Medical Biosensors for Point of Care (POC) Applications

 
 
Woodhead Publishing
  • 1. Auflage
  • |
  • erschienen am 21. August 2016
  • |
  • 316 Seiten
 
E-Book | ePUB mit Adobe DRM | Systemvoraussetzungen
E-Book | PDF mit Adobe DRM | Systemvoraussetzungen
E-Book | ePUB mit Adobe DRM | Systemvoraussetzungen
978-0-08-100078-6 (ISBN)
 

Medical Biosensors for Point of Care (POC) Applications discusses advances in this important and emerging field which has the potential to transform patient diagnosis and care. Part 1 covers the fundamentals of medical biosensors for point-of-care applications. Chapters in part 2 go on to look at materials and fabrication of medical biosensors while the next part looks at different technologies and operational techniques. The final set of chapters provide an overview of the current applications of this technology.

Traditionally medical diagnostics have been dependent on sophisticated technologies which only trained professionals were able to operate. Recent research has focused on creating point-of-care diagnostic tools. These biosensors are miniaturised, portable, and are designed to be used at the point-of-care by untrained individuals, providing real-time and remote health monitoring.


  • Provides essential knowledge for designers and manufacturers of biosensors for point-of-care applications
  • Provides comprehensive coverage of the fundamentals, materials, technologies, and applications of medical biosensors for point-of-care applications
  • Includes contributions from leading international researchers with extensive experience in developing medical biosensors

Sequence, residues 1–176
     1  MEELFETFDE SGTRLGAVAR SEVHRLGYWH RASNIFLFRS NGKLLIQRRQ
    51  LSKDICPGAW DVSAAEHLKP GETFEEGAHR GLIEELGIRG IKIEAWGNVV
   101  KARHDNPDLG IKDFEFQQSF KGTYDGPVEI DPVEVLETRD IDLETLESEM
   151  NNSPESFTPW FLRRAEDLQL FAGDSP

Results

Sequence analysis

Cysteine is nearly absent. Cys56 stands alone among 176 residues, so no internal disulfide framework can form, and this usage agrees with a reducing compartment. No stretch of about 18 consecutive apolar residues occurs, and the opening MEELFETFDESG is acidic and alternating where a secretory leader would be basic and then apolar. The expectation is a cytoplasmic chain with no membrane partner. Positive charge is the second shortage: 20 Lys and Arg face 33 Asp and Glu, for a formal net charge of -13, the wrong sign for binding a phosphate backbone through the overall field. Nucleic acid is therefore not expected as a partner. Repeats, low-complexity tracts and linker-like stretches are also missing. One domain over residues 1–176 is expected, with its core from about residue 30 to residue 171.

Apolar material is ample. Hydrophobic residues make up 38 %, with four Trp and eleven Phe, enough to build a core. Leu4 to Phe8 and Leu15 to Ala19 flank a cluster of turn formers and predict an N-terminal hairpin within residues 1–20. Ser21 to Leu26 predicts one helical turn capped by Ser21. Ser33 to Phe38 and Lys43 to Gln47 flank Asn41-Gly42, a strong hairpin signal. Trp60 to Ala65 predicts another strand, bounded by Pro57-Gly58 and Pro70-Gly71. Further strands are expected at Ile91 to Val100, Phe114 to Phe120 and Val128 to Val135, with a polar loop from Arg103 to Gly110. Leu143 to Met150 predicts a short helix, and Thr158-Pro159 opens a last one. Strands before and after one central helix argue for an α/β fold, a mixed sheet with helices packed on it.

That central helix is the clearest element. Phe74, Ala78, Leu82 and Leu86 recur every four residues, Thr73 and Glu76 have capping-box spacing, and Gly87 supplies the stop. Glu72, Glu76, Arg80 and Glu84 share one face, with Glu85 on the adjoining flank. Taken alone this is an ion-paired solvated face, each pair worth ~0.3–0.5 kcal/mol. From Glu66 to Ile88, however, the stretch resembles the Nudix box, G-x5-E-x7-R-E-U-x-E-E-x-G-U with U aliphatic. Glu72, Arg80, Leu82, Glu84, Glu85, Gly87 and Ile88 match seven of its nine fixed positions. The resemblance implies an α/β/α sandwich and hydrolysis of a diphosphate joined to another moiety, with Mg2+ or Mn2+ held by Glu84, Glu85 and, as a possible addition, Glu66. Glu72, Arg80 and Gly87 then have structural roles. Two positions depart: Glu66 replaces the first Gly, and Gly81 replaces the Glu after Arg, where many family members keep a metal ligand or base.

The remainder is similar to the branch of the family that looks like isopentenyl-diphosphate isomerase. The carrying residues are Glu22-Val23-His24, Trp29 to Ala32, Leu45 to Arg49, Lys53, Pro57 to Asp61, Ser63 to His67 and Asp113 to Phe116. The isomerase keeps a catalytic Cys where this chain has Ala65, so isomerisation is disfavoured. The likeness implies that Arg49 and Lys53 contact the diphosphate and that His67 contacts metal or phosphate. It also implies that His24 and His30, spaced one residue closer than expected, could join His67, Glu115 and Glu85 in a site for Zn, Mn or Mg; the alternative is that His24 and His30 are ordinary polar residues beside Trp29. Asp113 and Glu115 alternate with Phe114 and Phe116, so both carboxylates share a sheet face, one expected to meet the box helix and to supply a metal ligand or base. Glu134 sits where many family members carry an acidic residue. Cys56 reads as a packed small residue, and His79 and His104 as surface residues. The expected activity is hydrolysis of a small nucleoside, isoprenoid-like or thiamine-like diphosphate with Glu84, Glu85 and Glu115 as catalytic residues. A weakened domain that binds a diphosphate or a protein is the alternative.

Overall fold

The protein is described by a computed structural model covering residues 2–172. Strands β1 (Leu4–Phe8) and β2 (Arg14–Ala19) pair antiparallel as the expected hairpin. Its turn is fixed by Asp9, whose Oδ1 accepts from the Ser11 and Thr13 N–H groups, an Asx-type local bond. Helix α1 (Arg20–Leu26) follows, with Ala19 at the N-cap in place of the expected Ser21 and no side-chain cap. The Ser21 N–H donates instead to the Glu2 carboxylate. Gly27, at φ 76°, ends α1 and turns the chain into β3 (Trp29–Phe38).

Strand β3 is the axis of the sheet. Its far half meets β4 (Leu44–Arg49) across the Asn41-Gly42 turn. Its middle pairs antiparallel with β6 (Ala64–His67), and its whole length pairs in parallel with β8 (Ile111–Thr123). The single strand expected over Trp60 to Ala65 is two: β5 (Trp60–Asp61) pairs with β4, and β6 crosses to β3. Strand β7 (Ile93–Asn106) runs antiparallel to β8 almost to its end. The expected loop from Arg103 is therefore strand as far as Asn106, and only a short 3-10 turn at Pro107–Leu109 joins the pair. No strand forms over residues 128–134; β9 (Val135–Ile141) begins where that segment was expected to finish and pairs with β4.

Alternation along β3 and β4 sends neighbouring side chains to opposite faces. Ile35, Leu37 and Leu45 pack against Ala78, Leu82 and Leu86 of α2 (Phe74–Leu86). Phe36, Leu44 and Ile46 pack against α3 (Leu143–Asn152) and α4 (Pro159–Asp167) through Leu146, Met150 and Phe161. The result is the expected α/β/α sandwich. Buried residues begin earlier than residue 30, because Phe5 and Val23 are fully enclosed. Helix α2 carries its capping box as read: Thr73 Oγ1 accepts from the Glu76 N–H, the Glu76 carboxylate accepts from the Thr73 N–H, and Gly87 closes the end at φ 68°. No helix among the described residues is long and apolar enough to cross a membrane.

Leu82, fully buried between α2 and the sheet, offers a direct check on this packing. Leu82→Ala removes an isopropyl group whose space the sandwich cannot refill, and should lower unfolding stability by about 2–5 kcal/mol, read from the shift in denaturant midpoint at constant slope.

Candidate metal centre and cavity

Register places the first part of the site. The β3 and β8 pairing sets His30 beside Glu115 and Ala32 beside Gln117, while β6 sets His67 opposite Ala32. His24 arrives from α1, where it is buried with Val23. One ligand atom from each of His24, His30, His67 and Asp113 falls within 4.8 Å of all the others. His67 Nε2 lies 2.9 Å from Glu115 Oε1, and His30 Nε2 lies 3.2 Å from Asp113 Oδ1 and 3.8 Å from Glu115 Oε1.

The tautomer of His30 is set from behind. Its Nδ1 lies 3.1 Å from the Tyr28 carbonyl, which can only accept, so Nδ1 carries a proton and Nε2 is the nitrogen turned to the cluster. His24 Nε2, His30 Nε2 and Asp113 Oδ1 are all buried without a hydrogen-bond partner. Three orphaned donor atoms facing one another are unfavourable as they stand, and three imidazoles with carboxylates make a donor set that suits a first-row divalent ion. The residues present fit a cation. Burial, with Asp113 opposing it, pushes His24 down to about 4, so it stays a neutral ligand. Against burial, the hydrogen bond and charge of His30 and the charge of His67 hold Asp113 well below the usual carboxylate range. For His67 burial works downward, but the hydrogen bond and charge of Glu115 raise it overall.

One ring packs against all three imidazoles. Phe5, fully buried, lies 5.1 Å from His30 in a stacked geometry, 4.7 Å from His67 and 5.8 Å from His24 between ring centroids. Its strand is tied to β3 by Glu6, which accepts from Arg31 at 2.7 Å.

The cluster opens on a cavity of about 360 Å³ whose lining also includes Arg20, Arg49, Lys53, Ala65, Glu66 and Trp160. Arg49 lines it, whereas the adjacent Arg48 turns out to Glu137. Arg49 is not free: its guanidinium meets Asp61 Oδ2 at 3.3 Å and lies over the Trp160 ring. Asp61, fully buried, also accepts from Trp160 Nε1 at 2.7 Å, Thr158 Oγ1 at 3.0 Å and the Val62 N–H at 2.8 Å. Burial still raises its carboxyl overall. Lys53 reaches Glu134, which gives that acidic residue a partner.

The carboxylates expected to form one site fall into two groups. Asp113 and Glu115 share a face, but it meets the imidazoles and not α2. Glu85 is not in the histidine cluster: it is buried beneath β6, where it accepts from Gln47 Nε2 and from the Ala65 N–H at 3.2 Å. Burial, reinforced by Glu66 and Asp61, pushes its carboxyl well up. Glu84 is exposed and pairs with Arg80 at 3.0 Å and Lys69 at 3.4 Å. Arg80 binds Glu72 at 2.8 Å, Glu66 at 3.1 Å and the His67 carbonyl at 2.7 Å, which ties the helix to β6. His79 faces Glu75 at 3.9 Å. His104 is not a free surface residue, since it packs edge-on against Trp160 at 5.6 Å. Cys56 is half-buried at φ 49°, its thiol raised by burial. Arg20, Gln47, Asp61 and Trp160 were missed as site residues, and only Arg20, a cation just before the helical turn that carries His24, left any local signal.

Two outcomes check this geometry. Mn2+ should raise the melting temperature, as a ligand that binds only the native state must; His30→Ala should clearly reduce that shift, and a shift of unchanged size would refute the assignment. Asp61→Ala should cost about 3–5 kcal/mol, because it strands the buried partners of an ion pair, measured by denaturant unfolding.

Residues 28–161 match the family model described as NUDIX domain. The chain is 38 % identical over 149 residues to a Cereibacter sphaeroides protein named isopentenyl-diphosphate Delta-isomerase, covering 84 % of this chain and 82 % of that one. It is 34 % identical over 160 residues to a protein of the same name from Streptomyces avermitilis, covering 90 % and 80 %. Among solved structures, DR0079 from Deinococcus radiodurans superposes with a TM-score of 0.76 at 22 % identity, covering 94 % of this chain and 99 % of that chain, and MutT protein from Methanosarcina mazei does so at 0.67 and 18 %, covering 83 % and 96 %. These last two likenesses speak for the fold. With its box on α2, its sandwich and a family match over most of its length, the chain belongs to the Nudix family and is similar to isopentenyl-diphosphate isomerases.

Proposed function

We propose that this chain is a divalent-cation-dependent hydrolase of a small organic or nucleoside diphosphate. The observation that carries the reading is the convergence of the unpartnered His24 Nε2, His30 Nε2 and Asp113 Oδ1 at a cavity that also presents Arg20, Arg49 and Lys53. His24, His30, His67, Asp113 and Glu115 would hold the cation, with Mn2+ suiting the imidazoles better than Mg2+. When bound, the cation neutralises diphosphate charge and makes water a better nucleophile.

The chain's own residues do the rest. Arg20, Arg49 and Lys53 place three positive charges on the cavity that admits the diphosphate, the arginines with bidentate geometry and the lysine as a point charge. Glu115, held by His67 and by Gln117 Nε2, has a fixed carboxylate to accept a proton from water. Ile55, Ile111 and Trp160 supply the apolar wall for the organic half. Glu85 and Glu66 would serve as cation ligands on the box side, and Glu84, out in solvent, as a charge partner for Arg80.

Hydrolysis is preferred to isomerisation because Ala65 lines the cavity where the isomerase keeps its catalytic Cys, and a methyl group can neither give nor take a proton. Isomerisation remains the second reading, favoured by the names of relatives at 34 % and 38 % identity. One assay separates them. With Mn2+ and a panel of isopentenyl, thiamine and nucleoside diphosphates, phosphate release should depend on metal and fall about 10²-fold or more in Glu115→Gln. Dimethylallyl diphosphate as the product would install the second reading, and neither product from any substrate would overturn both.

• Discusses advances in this important and emerging field which has the potential to transform patient diagnosis and care
  • Englisch
  • Cambridge
Elsevier Science
  • 5,60 MB
978-0-08-100078-6 (9780081000786)
0081000782 (0081000782)
weitere Ausgaben werden ermittelt
  • Front Cover
  • Medical Biosensors for Point of Care (POC) Applications
  • Related titles
  • Medical Biosensors for Point of Care (POC) Applications
  • Copyright
  • Contents
  • List of contributors
  • Woodhead Publishing Series in Biomaterials
  • One - Fundamentals of medical biosensors for POC applications
  • 1 - Introduction to medical biosensors for point of care applications
  • 1.1 Biosensors and medical biosensors
  • 1.2 Biosensors for point of care testing
  • 1.3 Biorecognition elements of medical biosensors
  • 1.3.1 Antibodies
  • 1.3.2 Nucleic acid probes
  • 1.3.2.1 Single-strand DNA
  • 1.3.2.2 Hairpin DNA
  • 1.3.2.3 Peptide nucleic acids
  • 1.3.2.4 Locked nucleic acids
  • 1.3.2.5 G-quadraplexes
  • 1.3.2.6 DNAzymes
  • 1.3.2.7 Aptamers
  • 1.3.2.8 Other biorecognition elements
  • 1.4 Medical biosensors for point of care applications
  • 1.5 Overview of types of point of care techniques
  • 1.5.1 Lab on chip
  • 1.5.2 Labeled
  • 1.5.3 Label-free
  • 1.5.4 Nanomaterial based
  • 1.5.5 Wearable
  • 1.5.6 Wireless
  • 1.6 Conclusion
  • References
  • 2 - Validation and regulation of point of care devices for medical applications
  • 2.1 Introduction
  • 2.2 Analytical method validation
  • 2.2.1 Why is validation required?
  • 2.2.2 The extent and scope of method validation